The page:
The 10 best quotes from the movie

In The power of the dog, subtlety makes sense. The film, an adaptation of Thomas Savage’s book of the same name, centers on a gay cowboy, Phil Burbank, who is loved and feared by those around him. Filling the air with a dry Montana, the characters’ words are clues that lead the audience to the unexpected finale.

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Between Phil’s sarcastic remarks, George’s annoying comments, and Peter’s coy observations, the film makes the storytelling feel like rope. Each quote is a common thread that, when combined with the others, makes for a masterful job: either as deadly as Phil’s rawhide or as brilliant as Jane Campion’s handiwork.


Phil doesn’t wear gloves

“How come you weren’t wearing gloves?” »

Cumberbatch as Phil In the power of the dog

Early in the film, the audience learns that Phil doesn’t wear gloves. The quote might seem out of place, and delivered halfway through the film, it’s mixed in with other casual observations typically made on a ranch. However, there is nothing clear in this.

Since Phil knows his true self, a man in love with another man, would not be accepted in the male environment of 1920s Montana, the protagonist goes to extreme lengths to be seen as a macho type, not bathing not and not wearing protective gear. The quote is a gift to explain why he dies and reflects on the harrowing story. Tragically, Phil dies because of the need to achieve masculinity.

toxic masculinity

“God, I wonder, what little lady did that?”

The Power of the Dog Oscars 2022 Jane Campion

Benedict Cumberbatch delivers another of his splendid performances as the stiff but gentle Phil Burbank. Although the character hides the other side of his personality, he likes to display a macho posture towards the cowboys who work for him.

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While waiting to eat in the restaurant run by Rose Gordon and her shy son, Peter, Phil notices decorative paper flowers on the table, asking who made them. Peter politely replies that he made them, and Phil belittles the flowers, making the cowherds laugh. The purpose of the line is not only to establish a tense dynamic between the two characters, but also to glimpse the restlessness of Phil: in a toxic environment, he rejects all that is effeminate in an attempt to overcompensate for his homosexuality. .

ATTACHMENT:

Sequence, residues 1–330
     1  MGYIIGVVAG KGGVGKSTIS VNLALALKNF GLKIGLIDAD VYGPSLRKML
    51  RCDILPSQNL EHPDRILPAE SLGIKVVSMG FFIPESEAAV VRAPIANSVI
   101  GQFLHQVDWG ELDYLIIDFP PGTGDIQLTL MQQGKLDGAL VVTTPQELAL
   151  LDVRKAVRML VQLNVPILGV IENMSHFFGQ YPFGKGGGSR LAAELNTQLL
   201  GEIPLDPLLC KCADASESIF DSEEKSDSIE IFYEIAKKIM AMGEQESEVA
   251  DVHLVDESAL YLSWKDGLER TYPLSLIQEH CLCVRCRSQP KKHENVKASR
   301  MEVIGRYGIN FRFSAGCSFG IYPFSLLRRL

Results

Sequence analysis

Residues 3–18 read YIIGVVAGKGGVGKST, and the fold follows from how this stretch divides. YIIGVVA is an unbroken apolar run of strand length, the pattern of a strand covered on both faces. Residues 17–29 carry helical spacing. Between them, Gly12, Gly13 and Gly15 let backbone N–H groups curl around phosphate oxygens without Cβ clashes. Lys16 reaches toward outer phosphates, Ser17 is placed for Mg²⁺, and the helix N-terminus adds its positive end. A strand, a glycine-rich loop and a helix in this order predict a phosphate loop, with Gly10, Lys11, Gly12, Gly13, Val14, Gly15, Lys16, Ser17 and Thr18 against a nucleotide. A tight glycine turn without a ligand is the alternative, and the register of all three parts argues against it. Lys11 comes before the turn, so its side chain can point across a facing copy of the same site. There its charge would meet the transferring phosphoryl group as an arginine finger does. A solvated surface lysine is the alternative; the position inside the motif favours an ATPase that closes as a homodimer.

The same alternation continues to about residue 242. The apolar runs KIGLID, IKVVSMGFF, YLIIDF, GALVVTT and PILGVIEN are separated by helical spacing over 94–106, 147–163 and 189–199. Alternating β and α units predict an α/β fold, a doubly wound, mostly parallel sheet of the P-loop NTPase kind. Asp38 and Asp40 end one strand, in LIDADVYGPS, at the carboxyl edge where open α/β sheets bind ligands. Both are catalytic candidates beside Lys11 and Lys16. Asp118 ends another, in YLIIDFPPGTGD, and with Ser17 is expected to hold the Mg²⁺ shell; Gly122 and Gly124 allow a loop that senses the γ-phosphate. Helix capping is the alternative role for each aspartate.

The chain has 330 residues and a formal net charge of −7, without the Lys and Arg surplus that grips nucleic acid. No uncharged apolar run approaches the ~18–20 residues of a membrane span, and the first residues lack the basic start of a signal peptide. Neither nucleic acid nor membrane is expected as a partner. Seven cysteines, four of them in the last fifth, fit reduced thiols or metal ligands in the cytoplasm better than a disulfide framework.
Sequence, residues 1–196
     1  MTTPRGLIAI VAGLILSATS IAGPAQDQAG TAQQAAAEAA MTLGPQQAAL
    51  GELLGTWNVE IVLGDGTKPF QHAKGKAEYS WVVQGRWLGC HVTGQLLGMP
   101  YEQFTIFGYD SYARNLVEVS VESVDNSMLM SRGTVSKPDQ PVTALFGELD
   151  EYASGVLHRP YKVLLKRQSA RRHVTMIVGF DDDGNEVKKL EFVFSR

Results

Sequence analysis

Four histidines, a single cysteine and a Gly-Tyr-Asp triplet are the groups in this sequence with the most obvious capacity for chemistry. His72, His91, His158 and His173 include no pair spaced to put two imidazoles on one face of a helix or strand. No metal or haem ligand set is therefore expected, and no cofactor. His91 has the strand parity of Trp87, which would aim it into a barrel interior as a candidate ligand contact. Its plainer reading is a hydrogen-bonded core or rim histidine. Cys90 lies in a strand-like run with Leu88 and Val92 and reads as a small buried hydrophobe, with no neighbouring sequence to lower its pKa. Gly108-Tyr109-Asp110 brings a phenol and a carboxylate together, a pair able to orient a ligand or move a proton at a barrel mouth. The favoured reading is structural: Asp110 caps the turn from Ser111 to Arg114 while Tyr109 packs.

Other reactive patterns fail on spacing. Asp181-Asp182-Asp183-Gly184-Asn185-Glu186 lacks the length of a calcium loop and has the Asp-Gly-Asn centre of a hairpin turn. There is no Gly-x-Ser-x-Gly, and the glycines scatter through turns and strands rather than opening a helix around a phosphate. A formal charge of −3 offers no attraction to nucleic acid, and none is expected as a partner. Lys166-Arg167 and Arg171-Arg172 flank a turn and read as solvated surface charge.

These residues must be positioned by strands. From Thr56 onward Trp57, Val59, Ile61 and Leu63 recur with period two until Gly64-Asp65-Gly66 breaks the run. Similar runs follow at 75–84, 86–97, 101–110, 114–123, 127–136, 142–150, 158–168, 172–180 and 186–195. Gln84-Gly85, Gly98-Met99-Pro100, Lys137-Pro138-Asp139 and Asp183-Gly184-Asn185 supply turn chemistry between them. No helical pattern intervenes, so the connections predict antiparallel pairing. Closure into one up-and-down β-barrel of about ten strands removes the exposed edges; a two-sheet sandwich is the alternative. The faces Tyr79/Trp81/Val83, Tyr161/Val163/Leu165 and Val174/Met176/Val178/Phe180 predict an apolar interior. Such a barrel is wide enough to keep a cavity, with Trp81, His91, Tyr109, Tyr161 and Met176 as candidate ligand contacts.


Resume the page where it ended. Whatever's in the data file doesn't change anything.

Peter makes a promise

“Mother, you don’t have to do this. I’ll see that you don’t have to.”

Peter fixing something in The Power of the Dog

It’s no coincidence that Kodi Smit-McPhee made SAG’s list of Best Supporting Actor Nominees of 2022. His performance as the flamboyant and observant teenager Peter Gordon made the actor universally acclaimed, as does her co-star Benedict Cumberbatch. Although Peter is seemingly insecure, Smit-McPhee captures the resilient nature beneath the character’s shy facade.

Seeing his mother resort to alcohol because of Phil’s humiliation of her, Peter reassures Rose that he will make her problems go away. The line, while it may seem like a generic display of affection from a son to his mother, is actually the reasoning behind the story’s unexpected conclusion.

Hidden in plain sight

“A running dog.”

Phil and Peter looking at the mountain in TPOTD

Standing side by side in front of a stunning landscape, Phil asks Peter what the boy sees on a particular hill. When Peter replies that he sees the silhouette of a dog, Phil is shocked. “Well, Bronco Henry saw him first,” he replies defensively but remains surprised that Peter could spot him when he was used to everyone not seeing him.

Not only does the line prove that Peter shouldn’t be taken for granted, but it also has a deeper meaning. In a western where Phil’s sexuality is both the center and the hidden aspect of the narrative, seeing or not seeing the dog can be a metaphor for whether or not the character is gay. Peter’s seeing the hound ends up foreshadowing his later knowledge of Phil and Bronco Henry’s romantic relationship, and it’s a clue to his own homosexuality.

Make amends

“Peter, we kind of got off on the wrong foot.”

Phil and Peter on horseback in The Power of the Dog.